Ewes too good to lose in winter

Countryman

Wool and sheep producers are being encouraged to assess how highly they value pregnant ewes and this winter manage these animals to optimise production.

Lifetime Ewe Management (LTEM) and Making More from Sheep (MMfS) program researchers have estimated the opportunity cost for a maiden ewe is about $215, rising to $300 for a twin bearing ewe.

They said this meant it paid to feed ewes adequately.

The key driver of sheep reproduction is ewe condition score at joining and lambing.

Condition at joining sets the potential lambing rate. Ewes in good condition at this time can achieve mob pregnancy rates of 90 per cent and 15 per cent or more have potential to be twin bearing ewes.

Ewe condition at lambing impacts on lamb and ewe survival. The better the condition score of the ewe, the higher the survival rate of the lamb.

Maintaining pregnant ewes above condition score 2.5 during winter and at lambing leads to high survival rates and higher productivity during the lamb’s lifetime.

Any ewes below condition score two at this time of the year are at high risk and should be managed separately.

There have been recent reports of ewe deaths in the last month of pregnancy and these are most likely caused by pregnancy toxaemia.

This condition in pregnant sheep is caused by insufficient energy intake or sudden diet changes. Twin bearing ewes are more susceptible and affected animals are not necessarily in poor condition.

Sheep affected by pregnancy toxaemia progressively show a range of clinical signs, but a good initial clue is weak animals that are unable to flee when approached.

Treatment for pregnancy toxaemia includes an oral supplement containing propylene glycol, glycerol or glucose and injections of slow release compounds under the skin that contain calcium, magnesium and glucose.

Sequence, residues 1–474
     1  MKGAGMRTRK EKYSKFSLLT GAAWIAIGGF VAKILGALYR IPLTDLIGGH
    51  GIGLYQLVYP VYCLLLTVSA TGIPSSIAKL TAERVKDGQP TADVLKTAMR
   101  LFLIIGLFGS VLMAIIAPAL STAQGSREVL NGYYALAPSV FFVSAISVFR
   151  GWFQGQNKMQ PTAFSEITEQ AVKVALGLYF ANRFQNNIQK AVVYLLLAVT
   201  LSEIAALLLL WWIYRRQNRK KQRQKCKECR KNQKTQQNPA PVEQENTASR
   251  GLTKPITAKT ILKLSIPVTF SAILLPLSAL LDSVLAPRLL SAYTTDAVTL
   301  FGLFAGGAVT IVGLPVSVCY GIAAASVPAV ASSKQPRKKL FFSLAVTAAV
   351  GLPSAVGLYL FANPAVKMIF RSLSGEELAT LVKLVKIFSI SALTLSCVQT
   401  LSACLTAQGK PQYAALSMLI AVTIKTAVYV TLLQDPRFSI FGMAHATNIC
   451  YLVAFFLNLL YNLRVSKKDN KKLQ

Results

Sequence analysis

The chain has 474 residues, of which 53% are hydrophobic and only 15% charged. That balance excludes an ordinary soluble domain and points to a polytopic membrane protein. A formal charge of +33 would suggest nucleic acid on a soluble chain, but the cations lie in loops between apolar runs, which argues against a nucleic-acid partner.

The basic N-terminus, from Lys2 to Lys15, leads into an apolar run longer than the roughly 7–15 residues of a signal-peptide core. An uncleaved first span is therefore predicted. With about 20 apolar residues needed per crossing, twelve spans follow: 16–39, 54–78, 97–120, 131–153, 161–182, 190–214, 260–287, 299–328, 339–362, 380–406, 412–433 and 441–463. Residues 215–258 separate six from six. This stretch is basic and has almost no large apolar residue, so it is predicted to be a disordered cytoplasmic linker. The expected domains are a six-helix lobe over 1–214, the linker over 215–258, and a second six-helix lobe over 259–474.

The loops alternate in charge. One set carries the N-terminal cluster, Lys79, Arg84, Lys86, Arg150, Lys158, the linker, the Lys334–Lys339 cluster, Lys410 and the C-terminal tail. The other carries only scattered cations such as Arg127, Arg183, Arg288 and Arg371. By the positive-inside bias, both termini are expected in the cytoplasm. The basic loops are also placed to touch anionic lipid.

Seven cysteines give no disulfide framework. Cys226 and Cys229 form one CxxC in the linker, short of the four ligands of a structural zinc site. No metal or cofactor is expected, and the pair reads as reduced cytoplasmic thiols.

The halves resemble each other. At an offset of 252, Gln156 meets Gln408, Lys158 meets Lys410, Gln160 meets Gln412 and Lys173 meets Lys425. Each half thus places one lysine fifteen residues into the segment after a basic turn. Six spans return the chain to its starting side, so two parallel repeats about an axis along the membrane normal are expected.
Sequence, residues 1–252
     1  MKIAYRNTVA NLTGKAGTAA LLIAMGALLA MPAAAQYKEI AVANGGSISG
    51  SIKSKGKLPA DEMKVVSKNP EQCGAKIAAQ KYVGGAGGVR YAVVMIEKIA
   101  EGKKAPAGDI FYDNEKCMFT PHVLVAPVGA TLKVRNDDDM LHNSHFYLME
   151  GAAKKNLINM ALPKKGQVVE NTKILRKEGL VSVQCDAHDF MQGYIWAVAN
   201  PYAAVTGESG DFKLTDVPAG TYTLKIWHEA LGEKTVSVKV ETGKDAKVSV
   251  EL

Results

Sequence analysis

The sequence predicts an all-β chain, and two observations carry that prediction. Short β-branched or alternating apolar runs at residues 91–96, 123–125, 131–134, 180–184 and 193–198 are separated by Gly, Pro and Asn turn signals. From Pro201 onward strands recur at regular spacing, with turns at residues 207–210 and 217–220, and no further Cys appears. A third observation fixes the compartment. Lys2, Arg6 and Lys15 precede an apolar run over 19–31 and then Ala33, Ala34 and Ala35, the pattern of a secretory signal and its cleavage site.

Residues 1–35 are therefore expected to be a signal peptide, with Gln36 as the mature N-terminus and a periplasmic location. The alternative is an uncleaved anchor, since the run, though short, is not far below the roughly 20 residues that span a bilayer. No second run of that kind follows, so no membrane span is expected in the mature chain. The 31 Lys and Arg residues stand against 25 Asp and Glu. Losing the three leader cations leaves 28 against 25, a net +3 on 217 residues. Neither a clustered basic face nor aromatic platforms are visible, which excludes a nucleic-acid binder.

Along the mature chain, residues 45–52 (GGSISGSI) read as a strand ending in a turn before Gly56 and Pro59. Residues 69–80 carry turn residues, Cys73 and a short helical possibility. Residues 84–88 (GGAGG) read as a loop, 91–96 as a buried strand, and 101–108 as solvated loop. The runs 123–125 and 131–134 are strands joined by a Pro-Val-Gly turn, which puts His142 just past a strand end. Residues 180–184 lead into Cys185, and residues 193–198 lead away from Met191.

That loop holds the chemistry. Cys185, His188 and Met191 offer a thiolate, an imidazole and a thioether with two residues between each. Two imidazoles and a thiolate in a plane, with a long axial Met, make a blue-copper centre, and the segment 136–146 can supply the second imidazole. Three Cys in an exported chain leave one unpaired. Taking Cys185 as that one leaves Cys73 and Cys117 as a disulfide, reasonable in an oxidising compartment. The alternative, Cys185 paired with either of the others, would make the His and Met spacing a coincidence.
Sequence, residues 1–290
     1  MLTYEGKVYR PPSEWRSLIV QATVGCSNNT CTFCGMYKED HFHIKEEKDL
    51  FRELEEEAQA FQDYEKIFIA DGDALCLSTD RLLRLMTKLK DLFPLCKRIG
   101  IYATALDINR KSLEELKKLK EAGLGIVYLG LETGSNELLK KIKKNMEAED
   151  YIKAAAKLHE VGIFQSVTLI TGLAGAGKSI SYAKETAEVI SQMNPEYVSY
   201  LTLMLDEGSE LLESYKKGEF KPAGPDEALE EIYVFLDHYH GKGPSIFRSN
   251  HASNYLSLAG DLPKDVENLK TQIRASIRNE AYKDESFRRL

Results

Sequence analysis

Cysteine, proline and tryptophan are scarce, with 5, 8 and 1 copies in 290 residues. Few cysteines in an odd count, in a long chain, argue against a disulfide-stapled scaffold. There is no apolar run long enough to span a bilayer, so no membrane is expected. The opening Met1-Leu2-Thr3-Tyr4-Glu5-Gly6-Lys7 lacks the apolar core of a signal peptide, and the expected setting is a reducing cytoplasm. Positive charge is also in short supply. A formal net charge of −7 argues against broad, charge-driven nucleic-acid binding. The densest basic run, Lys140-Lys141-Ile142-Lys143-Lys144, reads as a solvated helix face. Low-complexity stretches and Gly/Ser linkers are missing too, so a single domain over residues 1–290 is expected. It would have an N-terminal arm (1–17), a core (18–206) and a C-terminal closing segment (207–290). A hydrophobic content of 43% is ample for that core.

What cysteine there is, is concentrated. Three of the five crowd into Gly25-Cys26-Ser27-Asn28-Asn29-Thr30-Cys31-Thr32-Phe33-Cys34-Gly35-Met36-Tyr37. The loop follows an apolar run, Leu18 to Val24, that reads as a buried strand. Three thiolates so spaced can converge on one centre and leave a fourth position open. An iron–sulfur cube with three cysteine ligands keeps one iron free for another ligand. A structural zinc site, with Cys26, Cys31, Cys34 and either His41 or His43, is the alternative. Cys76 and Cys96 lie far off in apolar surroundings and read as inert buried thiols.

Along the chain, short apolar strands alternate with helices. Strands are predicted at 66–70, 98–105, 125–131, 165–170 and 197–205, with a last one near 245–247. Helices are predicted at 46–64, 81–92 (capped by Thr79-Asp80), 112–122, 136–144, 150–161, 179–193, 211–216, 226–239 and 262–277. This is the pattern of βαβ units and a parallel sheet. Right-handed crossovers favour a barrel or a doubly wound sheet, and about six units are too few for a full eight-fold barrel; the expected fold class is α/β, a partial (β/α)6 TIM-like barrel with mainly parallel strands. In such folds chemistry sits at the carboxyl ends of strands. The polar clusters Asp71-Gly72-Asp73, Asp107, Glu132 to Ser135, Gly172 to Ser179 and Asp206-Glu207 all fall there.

Affected sheep need to be given the oral energy drench at least twice per day for several days.

The aim of this treatment is to improve the appetite of the pregnant ewe so she begins eating again.

The response to treatment of affected sheep is reasonably good when detected early, but declines when the animal goes down.

But if the affected animal is showing severe nervous signs, the response to treatment could be poor and the animal should be euthanized immediately.

The best approach is prevention, as ewes are too valuable to lose.

This highlights the importance of monitoring ewe condition score and implementing a feed budget.

Energy requirements for ewes steadily increase during late pregnancy and this means energy provided by feed needs to rise to meet that demand.

Supplementary feed levels for a twin bearing ewe are 25 per cent higher than a single bearing ewe and these animals should be managed separately.

This highlights the importance of pregnancy scanning and splitting mobs for grazing.

If scanning is not undertaken, producers can consider the average percentage of twin bearing ewes in their mob and decide whether to feed for twins or singles.

Health issues, such as high worm burdens and early onset of acidosis, will also reduce ewe feed intake.

Ewes may suddenly stop eating for various reasons, including changing from one type of supplement feed to another, adverse weather, prolonged handling in the yards, walking long distances, damage to the liver by a toxin, gut problems or clinical acidosis.

For more information on how much to feed pregnant ewes during the winter months go to www.lifetimewool.com.au, speak to a livestock advisor or contact your local Department of Agriculture and Food office.

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